After months of academic debate, the ECB has finally published its first report on a digital euro, thereby leaving the door open for further experimentation in 2021. Although the Governing Council has not made an official decision yet, we see this as a first attempt to secure a digital future for the common currency and catch up with other central banks.
Although the ECB Governing Council has not made an official decision on issuing a digital currency just yet, the central bank today published its first report discussing different alternative scenarios that may facilitate the issuance and the adoption of a digital euro. Unsurprisingly, the rapid digitalisation of the economy, fast-changing consumer attitudes towards digital payments, as well as the emergence of crypto currencies, are key drivers behind the possible issuance of a digital euro in the future.
As we’ve argued before, this makes a lot of sense: although cash still remains a dominant means of payment across the eurozone (and many other countries across the world, including the US), the Covid-19 crisis has encouraged consumers to change their payment habits and rely more on contactless payments and e-commerce more broadly. We see this as a developing trend even after the current pandemic ends.
Although other key drivers such as cyber-security, natural disasters, pandemics and other extreme events have been mentioned, crucially we think that the most interesting one relates to the international role of the euro.
Indeed, the potential launch of a digital euro is seen as a deterrent against the development of other CBDCs around the world. This is also seen in the context of Article 127 of the Treaty on the Functioning of the European Union (TFEU), which describes price stability as one of the key objectives for the ECB. The report also states that the digital euro should potentially be accessible to non-euro area residents, and this could potentially stimulate demand for the euro by foreign investors.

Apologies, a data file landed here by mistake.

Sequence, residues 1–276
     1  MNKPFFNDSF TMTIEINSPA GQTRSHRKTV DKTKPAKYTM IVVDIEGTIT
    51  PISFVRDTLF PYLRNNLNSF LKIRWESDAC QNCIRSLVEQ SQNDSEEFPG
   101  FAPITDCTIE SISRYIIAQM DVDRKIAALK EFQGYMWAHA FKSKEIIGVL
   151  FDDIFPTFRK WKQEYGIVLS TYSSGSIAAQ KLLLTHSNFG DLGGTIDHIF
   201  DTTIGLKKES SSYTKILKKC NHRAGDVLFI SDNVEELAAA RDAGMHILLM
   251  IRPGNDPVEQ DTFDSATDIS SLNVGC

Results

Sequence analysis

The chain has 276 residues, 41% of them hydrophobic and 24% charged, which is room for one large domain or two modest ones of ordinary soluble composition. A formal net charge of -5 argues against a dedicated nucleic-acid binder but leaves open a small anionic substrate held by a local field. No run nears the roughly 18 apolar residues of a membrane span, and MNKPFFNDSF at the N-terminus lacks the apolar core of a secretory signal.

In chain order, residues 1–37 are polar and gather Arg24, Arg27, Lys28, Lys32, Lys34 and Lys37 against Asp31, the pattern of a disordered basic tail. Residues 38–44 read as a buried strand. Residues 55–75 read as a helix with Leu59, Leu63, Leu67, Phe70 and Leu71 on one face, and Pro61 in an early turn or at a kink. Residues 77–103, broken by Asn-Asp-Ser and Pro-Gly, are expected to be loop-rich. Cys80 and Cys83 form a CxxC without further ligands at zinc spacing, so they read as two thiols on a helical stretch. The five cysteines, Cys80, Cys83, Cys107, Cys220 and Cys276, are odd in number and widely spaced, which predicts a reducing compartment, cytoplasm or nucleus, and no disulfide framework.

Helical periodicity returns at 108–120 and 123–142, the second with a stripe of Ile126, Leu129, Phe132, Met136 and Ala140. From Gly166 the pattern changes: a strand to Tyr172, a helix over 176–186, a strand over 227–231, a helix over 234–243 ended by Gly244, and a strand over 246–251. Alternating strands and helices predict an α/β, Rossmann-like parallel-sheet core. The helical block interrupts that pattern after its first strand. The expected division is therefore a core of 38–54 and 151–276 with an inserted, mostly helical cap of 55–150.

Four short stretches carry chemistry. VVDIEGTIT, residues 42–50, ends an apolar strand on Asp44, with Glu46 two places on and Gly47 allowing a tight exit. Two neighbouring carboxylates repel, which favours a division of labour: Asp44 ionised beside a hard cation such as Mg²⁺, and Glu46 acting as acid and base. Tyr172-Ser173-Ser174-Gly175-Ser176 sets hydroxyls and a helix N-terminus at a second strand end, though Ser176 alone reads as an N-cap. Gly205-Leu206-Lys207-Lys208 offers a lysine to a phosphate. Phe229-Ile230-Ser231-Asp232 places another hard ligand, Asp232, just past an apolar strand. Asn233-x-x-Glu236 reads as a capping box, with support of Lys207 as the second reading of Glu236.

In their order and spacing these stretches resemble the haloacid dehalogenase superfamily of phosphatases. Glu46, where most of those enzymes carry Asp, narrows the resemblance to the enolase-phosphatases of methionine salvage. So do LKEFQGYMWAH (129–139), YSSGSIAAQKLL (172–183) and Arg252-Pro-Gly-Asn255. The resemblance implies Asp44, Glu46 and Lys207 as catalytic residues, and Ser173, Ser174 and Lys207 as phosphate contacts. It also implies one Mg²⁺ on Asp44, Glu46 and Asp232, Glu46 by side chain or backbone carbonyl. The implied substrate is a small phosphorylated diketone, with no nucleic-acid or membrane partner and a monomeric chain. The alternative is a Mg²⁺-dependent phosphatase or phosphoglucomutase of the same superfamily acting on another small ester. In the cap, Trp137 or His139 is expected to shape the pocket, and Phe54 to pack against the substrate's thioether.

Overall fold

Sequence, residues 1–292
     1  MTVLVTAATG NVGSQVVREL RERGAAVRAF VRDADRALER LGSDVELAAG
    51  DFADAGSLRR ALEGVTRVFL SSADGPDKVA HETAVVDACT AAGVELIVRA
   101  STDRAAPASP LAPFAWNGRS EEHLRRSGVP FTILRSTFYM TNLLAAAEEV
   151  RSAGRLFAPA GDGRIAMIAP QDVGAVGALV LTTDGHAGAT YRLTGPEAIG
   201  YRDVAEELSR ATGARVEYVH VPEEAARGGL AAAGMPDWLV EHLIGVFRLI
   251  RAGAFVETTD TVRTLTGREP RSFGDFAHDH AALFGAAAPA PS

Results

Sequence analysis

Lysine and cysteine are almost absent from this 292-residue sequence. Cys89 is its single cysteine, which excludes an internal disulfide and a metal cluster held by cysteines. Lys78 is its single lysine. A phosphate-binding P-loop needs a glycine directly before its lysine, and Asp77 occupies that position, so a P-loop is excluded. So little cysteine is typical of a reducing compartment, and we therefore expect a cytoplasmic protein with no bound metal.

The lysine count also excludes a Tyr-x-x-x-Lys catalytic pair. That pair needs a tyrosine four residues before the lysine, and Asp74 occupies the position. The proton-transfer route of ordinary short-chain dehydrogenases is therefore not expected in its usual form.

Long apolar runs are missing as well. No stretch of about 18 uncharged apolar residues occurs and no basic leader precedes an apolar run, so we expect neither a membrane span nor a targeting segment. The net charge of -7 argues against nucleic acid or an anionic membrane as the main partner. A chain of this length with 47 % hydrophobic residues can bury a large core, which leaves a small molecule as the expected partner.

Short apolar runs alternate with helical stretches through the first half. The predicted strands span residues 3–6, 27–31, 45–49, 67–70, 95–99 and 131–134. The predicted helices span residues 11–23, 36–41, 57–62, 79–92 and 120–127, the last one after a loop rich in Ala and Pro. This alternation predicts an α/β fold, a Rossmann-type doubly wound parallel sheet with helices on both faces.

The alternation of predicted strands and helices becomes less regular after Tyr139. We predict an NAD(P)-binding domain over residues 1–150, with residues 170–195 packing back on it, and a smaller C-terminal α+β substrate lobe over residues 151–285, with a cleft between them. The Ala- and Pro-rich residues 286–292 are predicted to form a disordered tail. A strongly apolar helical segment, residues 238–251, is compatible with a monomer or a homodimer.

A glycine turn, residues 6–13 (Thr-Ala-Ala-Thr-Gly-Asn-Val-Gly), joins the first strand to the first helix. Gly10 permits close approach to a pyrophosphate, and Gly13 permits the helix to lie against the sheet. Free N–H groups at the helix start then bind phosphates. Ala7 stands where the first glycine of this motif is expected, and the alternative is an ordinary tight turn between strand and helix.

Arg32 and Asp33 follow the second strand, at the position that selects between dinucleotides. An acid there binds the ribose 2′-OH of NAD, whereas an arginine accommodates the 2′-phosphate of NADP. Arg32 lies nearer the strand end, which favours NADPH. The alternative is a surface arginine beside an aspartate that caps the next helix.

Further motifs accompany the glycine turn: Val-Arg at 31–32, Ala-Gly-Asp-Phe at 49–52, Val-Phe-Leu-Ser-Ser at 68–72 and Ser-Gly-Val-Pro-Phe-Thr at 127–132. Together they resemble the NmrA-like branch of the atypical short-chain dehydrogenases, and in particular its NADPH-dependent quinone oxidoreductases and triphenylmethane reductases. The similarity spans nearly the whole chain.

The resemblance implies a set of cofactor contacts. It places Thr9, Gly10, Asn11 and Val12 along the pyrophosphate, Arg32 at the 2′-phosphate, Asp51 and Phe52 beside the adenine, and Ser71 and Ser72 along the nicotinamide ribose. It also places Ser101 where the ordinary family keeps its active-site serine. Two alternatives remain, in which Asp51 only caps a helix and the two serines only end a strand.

Obviously, there are still many unanswered questions. Just think of privacy issues or how retail and wholesale customers are supposed to get access to the digital euro. Also, if customers were allowed to directly open a digital account at the ECB, would this then be an interest rate free bank account or would the ECB’s deposit rate apply.
Many questions will have a direct impact of how the ECB conducts monetary policy. Currently, the main transmission channel is through commercial banks. A digital currency could bypass these commercial banks, not only affecting their business models but also the way the ECB’s monetary policy affects the economy. In a distant future, a digital euro could actually also be an enabler of helicopter money as it could give the ECB direct access to economic actors.
It is remarkable that the ECB is finally going digital. Several ECB officials have given insights into the ongoing strategy review in recent days and today’s announcement should add a very interesting chapter to this review.
„Tendinţele pe care le-am remarcat înainte de începerea pandemiei s-au accelerat pe perioada stării de urgenţă. Am văzut acest lucru ca o oportunitate, un tipping point pentru bancă. Post-pandemie nu avem cum sa ne întoarcem la comportamentul financiar pe care îl aveam până în februarie a.c. Relaţia românilor cu online-ul s-a schimbat. In plus, cardul fizic se va dematerializa. Vom asista la o scădere a cererii pentru cardurile fizice, respectiv la o creştere a preferinţei pentru componenta digitală a acestora.”